How to Make Better Math and Science Teachers

Tim Sorey, an associate professor of chemistry education at University of Central Washington, shows his engaging technique to secondary teachers.

There was one kid who never showed up to algebra class at his Washington State middle school. Then one day, he sidled in and his classmates showed him how to use the classroom’s new hand-held technology.

“He’s been coming to class every since,” his teacher said.

It’s hard to resist a teacher who knows how to engage his or her students. And if he or she can pair that creative pedagogy with subject knowledge? Well, that’s the kind of high-quality teaching that can transform a classroom, especially one that serves low-performing students.

That’s why, in the rural districts of north-central Washington State, about 100 math and science teachers and their higher-ed colleagues have been engaged for nearly three years in the mastery of student engagement and content knowledge. Through the combination of two grants, one from the University of Washington-Bothell entitled, “Teaching Math in a Technical World,” administered by Dr. Robin Angotti, and the other, “Progress to Math and Science Proficiency (MSP): Reaching Out to Rural Schools,” through the North Central ESD, the educators have immersed themselves every summer in a week-long institute for their own learning.

And the results are in: It works.

Grant evaluator Janet Gordon

Student test scores and other qualitative data from the Washington teachers show clearly that this kind of well-designed, intensive professional development significantly improves teacher quality – and, consequently, student learning. “They’re rocking in the classroom!” said Dr. Janet Gordon, an independent researcher/evaluator who co-authored the MSP grant and also teaches educational statistics at Montana State University.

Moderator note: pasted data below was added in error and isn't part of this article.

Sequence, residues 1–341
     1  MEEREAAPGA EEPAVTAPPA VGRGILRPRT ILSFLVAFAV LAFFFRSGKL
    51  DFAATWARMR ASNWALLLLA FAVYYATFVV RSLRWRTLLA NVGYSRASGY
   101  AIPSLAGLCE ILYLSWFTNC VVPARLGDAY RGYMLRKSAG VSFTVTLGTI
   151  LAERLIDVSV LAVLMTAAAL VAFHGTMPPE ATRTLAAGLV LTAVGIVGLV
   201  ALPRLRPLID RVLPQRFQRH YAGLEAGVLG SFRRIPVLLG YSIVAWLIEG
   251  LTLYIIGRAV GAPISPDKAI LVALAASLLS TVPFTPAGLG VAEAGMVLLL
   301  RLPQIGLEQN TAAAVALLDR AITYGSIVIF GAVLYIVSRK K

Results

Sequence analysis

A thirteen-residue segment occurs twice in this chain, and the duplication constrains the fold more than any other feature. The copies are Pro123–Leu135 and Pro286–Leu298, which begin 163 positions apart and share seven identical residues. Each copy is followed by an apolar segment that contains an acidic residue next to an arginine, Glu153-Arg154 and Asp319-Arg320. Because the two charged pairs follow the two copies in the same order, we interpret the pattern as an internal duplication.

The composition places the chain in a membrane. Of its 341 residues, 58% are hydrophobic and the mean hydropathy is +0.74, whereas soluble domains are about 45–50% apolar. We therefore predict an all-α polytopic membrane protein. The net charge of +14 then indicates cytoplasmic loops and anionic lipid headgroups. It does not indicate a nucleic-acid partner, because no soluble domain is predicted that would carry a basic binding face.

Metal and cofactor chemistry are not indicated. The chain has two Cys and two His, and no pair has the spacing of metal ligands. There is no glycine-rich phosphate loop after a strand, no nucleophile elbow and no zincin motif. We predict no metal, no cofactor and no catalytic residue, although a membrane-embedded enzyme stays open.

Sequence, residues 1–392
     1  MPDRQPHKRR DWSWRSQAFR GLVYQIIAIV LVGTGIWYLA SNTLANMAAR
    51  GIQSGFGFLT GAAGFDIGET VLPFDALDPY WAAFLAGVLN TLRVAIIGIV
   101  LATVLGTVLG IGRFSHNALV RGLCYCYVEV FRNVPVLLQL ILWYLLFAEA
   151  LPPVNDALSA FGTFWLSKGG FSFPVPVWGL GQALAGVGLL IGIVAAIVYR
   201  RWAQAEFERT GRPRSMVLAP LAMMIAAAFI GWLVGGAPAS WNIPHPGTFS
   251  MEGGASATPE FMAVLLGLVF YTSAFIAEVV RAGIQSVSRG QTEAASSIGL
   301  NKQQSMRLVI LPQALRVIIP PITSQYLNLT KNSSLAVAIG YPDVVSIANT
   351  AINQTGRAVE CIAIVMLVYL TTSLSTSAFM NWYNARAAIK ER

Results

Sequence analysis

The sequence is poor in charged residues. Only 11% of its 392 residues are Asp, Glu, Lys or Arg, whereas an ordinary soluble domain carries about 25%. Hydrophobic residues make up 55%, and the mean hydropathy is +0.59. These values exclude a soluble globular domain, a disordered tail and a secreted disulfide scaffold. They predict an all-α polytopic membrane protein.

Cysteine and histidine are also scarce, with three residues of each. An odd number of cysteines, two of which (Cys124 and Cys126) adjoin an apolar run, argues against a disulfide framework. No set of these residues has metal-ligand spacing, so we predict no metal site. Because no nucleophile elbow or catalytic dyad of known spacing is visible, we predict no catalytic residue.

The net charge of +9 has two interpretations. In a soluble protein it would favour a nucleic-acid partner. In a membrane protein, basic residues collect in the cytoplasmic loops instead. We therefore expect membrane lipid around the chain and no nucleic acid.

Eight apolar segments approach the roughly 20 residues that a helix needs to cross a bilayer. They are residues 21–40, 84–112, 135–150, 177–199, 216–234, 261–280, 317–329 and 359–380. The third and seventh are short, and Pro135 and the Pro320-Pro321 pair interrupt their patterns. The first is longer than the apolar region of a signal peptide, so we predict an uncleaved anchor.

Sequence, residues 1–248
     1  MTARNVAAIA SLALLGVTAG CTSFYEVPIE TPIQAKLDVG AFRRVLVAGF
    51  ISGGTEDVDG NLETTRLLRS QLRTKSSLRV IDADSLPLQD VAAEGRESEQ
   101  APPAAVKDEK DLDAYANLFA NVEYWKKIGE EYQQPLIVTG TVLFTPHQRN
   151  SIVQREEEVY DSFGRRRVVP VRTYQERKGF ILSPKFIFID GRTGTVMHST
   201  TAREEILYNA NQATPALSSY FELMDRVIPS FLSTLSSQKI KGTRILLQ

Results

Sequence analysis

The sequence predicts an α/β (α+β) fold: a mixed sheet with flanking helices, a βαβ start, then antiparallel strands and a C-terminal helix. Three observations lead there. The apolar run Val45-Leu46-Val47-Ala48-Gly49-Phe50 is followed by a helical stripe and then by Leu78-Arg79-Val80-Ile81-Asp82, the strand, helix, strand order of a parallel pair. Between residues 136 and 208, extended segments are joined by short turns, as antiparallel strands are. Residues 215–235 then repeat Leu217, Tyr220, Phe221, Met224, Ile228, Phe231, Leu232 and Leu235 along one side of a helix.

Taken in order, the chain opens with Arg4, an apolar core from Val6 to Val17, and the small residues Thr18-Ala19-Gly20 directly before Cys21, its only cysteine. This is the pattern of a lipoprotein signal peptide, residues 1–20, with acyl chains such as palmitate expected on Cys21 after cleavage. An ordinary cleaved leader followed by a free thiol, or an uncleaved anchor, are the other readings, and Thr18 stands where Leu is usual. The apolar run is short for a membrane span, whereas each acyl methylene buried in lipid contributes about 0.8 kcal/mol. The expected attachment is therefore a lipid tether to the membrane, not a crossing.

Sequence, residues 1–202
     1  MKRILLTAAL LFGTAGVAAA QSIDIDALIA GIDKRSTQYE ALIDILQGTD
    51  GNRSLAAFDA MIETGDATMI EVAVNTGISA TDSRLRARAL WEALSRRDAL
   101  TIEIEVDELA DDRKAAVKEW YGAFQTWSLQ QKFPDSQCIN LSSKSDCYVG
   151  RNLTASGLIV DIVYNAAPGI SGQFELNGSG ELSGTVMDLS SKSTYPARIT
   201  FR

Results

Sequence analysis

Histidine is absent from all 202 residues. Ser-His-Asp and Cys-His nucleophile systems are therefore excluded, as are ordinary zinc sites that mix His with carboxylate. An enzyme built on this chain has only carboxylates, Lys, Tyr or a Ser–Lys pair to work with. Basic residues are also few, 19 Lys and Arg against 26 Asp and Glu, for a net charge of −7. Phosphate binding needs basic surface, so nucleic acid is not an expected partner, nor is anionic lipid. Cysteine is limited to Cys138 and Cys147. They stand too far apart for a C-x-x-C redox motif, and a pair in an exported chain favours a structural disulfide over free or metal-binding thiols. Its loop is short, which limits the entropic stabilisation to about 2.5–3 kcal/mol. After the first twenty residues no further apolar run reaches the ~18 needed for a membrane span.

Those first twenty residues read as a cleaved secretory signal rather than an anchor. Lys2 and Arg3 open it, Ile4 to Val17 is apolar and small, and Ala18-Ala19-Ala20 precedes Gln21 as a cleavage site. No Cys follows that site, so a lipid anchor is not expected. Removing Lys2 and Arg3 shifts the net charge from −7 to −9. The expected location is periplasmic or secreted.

The student test scores are significant, although they’re not the only measure of the program’s success. Quantitatively, data analysis shows that a whopping 50 percent of the variation in student scores can be directly attributed to whether or not their teacher is using the kinds of Web 2.0 skills taught at the summer institute. But test scores rarely tell the whole story: Importantly, qualitative analysis also shows students are far more engaged and motivated in the classrooms of those teachers.

“They really like it,” said Ann George, one of just two math teachers at Brewster High School in Brewster, Washington, where students are mostly Latinos whose parents work in the local cherry orchards.

So what happens at this magical summer institute?

Teachers practice new technology – like that hand-held Mobi, as eye-catching to a student as an iPhone. They catch up on the evolving standards of middle-school math and science, making sure they know the necessary content. (Remember when algebra was a 10th-grade subject? Not anymore…) And they collaborate to craft the kind of squelching, splashing, hands-on science and math lessons that captivate kids.